I do believe attitude is everything, and I have been and remain and idealist, an optimist, a believer in our innate good, our ability to transform our lives, our resilience to push through, to find and celebrate love in all we do, and to make a difference wherever we find ourselves in the world.

What projects aka dreams have you been sitting on, stuffing under a pile of false obligations, waiting until the right time or when you retire or your ship comes in. Your ship has been at the dock so get off the boat and enjoy the new landscape.  Splurge! Celebrate! img_7315 Just do it.  Do it, and before you know it, every morning will be joyous and you will find that you are living your life — taking your daily walks on the beach or some place else, having a soothing cup of dandelion tea, enjoying  a boiled egg with cucumbers, meditating in your tea-house, reading, writing, lounging, having an afternoon swim, conducting interviews of amazing people, speaking to your children via social media, steaming fresh fish for dinner with pumpkin and kale, reflecting on the sunset, going to a movie, holding hands, being, living your life, living you.

The Poem as Meditation: devorah major’s Latest Poetry Collection, and then we became


Some will argue that a poem is a meditation. The poet contemplates an idea, distills it, then shares it with readers, and this is certainly true of major’s latest collection of poems. The very first poem, “cosmology meditation #1,” sets the pace, and invites readers into a journey that is not based on any specific destination, but rather journey as exploration.

we are the memory

of the place without measures

that filled all space

that never was and ever will be (p.1)

major engages the reader in the very first line, and includes them in the process by using the pronoun, we. In this way major is being inclusive, but she is also saying to readers: you have a stake in this; this is not a poem from which you can absent yourself and merely be an observer, a reader, you are the we and the we is you. This inclusive quality is even evident when major uses “I” as she does in the poem, “the yes to life.” The refrain, “ i want to be born” is true of all of us – we are here because we wanted to be born, to be apart of this life circle. And as such we have to show up, we have to listen to and embrace one another, we have to participate in whatever change or unfolding we would like to see happen.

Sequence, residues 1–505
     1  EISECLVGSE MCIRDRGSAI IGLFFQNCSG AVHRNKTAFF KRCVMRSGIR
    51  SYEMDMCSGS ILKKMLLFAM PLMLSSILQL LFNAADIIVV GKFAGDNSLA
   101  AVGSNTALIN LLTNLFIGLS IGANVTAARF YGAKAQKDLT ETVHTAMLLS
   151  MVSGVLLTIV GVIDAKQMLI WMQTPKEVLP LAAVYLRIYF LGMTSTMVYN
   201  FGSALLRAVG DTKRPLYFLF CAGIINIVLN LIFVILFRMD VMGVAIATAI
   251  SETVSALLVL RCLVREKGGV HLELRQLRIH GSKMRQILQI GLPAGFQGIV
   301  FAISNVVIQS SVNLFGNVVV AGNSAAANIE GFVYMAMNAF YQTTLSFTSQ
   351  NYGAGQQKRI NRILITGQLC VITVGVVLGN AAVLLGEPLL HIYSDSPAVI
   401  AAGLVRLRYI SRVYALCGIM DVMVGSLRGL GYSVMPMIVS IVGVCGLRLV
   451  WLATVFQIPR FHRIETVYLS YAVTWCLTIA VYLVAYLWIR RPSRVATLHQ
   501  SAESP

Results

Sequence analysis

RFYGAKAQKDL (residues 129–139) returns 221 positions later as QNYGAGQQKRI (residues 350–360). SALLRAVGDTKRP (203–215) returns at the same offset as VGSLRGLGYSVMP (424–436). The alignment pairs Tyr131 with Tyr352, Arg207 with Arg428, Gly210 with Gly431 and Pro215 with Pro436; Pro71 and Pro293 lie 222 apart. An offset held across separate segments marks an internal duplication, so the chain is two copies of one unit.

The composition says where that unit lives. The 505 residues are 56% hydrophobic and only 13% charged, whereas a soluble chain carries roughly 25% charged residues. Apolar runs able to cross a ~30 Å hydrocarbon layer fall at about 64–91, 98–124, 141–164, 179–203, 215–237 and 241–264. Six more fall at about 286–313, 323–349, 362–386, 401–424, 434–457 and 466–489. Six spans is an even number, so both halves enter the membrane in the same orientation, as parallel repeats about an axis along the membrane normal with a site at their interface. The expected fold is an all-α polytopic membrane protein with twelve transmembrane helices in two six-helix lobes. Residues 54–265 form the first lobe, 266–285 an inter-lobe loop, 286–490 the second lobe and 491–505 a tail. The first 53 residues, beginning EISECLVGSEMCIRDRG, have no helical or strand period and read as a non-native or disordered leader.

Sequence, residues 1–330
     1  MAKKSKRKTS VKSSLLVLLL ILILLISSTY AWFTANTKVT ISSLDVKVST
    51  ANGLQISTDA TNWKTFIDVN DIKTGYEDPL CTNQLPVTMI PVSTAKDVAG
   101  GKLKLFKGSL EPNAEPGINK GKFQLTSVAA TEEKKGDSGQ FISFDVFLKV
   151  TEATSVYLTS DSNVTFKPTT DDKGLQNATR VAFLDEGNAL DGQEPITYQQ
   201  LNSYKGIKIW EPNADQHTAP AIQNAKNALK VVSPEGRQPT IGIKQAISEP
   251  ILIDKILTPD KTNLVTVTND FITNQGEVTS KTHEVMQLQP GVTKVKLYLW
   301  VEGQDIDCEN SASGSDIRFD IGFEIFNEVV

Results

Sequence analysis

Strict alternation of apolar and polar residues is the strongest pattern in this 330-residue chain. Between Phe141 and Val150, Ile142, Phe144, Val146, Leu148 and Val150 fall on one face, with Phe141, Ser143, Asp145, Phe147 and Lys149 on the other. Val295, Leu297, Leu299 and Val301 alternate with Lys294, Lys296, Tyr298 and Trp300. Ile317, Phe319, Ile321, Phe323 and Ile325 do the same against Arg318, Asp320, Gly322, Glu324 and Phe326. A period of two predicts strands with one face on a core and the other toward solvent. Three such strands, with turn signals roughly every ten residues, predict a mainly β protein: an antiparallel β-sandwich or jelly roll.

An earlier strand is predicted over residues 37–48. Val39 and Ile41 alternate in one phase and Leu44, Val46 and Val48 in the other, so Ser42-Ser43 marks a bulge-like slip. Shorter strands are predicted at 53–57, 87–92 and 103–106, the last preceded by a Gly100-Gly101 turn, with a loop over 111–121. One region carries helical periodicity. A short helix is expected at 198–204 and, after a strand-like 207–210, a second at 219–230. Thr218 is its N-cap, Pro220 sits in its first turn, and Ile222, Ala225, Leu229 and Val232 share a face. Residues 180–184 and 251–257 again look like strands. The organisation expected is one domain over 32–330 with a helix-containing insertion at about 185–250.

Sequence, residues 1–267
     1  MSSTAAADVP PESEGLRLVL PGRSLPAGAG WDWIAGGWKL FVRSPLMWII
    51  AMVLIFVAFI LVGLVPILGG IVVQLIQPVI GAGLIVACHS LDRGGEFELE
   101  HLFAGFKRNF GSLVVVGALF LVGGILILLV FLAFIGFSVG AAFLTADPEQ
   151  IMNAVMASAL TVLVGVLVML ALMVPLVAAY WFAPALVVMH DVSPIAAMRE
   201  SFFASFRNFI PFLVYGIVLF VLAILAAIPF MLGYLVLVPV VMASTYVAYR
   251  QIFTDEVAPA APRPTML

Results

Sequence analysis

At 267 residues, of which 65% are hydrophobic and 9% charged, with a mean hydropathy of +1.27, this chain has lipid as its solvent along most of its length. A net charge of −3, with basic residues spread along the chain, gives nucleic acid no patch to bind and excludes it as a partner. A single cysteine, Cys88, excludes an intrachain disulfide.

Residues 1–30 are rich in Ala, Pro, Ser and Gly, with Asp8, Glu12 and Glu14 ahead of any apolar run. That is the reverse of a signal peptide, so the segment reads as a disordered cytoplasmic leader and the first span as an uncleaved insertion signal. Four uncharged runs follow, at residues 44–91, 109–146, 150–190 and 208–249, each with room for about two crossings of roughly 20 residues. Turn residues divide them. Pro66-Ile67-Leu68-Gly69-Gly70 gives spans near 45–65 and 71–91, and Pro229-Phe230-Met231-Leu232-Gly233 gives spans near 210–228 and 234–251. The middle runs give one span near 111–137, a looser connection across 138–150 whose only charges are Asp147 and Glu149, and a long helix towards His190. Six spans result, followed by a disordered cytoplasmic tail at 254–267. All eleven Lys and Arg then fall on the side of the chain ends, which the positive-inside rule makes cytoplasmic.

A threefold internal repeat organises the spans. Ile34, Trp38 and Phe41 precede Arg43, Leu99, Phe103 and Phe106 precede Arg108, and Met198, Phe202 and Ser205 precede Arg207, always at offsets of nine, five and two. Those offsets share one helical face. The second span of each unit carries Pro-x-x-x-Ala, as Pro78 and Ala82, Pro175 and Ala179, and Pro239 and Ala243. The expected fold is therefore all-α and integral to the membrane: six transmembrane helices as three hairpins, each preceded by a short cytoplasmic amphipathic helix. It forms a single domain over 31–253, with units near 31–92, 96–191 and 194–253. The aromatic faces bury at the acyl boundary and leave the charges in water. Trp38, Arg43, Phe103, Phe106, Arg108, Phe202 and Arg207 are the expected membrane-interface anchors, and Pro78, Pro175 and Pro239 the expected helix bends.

Major’s book could not have come at a more appropriate time as now when the clamor of despair is being spoken into the universe. But as many of us know, these are also times for listening to our hearts and minds and doing what’s right for the greater majority, the global world of which we are a part. Reading and really reflecting on the messages in these poems will help us to become our better selves. “cosmology meditation #2,” the final poem of this deeply motivational and spiritual collection ends aptly, “you are at the center/of the universe.” major returns to the collective you/we, and our place in the world, and as a result of our centering, our responsibility to the earth and to each other.

Major’s collection is philosophical and should be read slowly, so take the journey. There is no specific destination other than to be present to your life and all the other life around you. The poems are compelling with potent stories about war, family secrets, dementia, resilience and love, universal themes with which everyone can connect.

Below is an interview with devorah major about this collection and her life as a poet.

OPA: Congrats on the new collection of poems. I am very intrigued by the title, and then we became. Talk about what came before and what we become? How did you arrive at the title?

dm: I think that there is so much attention on getting there, whatever there means and wherever there is, yet I find myself far more intrigued by the idea of the journey, and in this case the journey is in becoming more humane and whole.

OPA: How did you arrive on the sections and order of the poems?

The section order seemed reasonable as the journey starts at spirit, then there is the idea that we are in a human family and thus are both our individual selves as well as the essence of others, but then of course we exist in our fragilities, only to hopefully through all of that become whole. Thus and then we become, spirit, other selves, fragile, and whole.

OPA: There are many poems in this collection that I love, but I think “cosmology meditation” is my favorite.  Then two of the more complex poems, “the judge,” and “any name will do,” are so potent and froth with references and innuendos, can you speak to what sparked/solicited those poem?